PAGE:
Date of Award


Document Type


Degree Name

Doctor of Philosophy


College of Education and International Services


Counseling Psychology, Ph.D.

First Advisor

Ronald Coffen

Second Advisor

Bradley Hinman

Third Advisor

Jimmy Kijai



A current problem is that although child maltreatment has been demonstrated to be negatively associated with both executive functioning and trauma appraisal (leading to feelings of shame, self-blame, etc.), there is not an established model within the literature that explains the relationship between child maltreatment, executive functioning, and trauma appraisal. The purpose of this study was to develop a model that displayed the relationship between child maltreatment, executive functioning, and trauma appraisal. Additionally, this study sought to discover differences in trauma appraisal and executive functioning based on the type of child maltreatment experienced.


This study employed a quantitative, non-experimental, exploratory, cross-sectional, and correlational design. Data was derived from questionnaires administered to participants who were not randomly assigned to conditions or groups. Participants aged 18-22 years old were chosen in order to acquire those who had more recently experienced child maltreatment. Participants resided within the United States and were administered questionnaires via Alchemer, an online research platform. Participants were screened using the following question, and those who respond Yes were included in the study: "Prior to age 18, have you ever experienced physical abuse, sexual abuse (consensual or non-consensual), emotional abuse, or neglect from a parent or adult who was responsible for your care (e.g., family friend, teacher, etc.)?" In addition to collecting demographic information, the survey measured type of child maltreatment, executive function, and trauma appraisal. Child maltreatment was measured via the Childhood Trauma Questionnaire (CTQ) and its subscales: physical abuse, emotional abuse, sexual abuse, physical neglect, and emotional neglect. Executive function was measured via the Behavior Rating Inventory of Executive Function – Adult (BRIEF-A) and its subscales: behavior regulation and metacognition. Trauma appraisal was measured via the Trauma Appraisal Questionnaire (TAQ) and its subscales: fear, shame, anger, alienation, self-blame, and betrayal. Structural equation modeling, multivariate analyses of variance (MANOVA), independent sample t-tests, and Pearson correlation analyses were used to explore the overarching relationship and sub-relationships between child maltreatment, executive function, and trauma appraisal.


Upon some revision, the SEM model showed emotional abuse and physical abuse to be the strongest indicators of child maltreatment. Child maltreatment was a significant predictor of executive function, indicating that more frequent child maltreatment was associated with greater impairment in executive function. Child maltreatment and executive function were both significant predictors of trauma appraisal, with child maltreatment having the strongest effect. All child maltreatment types were significantly correlated with each other with the exception of emotional neglect not being correlated with sexual abuse. All correlations between child maltreatment and trauma appraisal were positive. Emotional abuse had the strongest correlation with the betrayal trauma appraisal. The results also indicated significantly more impairment in behavior regulation, metacognition, and global executive function for individuals who had experienced 4+ maltreatment types, which was the most common experience with 23.4% of participants experiencing 4 and 48.5% experiencing all 5 types of maltreatment for a total of nearly 72% of participants experiencing multiple types of maltreatment. Post hoc analyses revealed emotional abuse to be highly positively correlated with behavior regulation and metacognition (i.e., emotional abuse was associated with behavioral and cognitive executive dysfunction). Child maltreatment was most commonly last experienced during adolescence. Results showed individuals who last experienced maltreatment during adolescence reported higher feelings of betrayal than those who last experienced maltreatment when they were age 5 or younger. In regard to trauma appraisal and engagement in a coping activity, it was found that those who did engage in a coping activity endorsed significantly more shame, betrayal, self-blame, and anger.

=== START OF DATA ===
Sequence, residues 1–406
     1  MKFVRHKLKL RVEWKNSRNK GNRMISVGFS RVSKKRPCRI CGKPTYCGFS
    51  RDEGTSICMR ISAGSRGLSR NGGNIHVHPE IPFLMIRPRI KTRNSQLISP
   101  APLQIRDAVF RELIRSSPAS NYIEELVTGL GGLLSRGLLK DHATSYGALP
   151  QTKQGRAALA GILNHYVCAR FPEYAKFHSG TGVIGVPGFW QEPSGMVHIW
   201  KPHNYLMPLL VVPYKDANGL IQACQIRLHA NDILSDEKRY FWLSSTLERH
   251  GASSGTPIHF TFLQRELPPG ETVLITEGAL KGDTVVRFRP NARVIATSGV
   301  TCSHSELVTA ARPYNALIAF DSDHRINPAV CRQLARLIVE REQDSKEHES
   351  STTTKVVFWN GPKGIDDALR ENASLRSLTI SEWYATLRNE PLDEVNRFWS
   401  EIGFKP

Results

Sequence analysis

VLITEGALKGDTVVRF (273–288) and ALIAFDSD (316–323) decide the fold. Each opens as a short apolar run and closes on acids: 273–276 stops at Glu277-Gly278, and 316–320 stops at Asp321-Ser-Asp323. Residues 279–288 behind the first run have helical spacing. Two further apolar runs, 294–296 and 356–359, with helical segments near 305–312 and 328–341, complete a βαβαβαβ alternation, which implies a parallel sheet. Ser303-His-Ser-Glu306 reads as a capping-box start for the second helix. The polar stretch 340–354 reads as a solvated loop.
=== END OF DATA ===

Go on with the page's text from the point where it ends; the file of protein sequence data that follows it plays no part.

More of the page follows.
The effects of child maltreatment are prominent, and the resulting harm can have variable effects in the domains of executive function and trauma appraisal. Child maltreatment was found to be both directly and indirectly related to trauma appraisal and directly related to executive dysfunction. This study not only adds to the growing body of literature surrounding child maltreatment, executive function, and trauma appraisal, but it also serves as justification for clinicians to develop specific, tailored, and individualized interventions to adequately meet the needs of clients who may present with executive function difficulties or a maltreatment history.

Subject Area

Child abuse; Abused children; Executive functions (Neuropsychology); Shame in children; Blaming the victim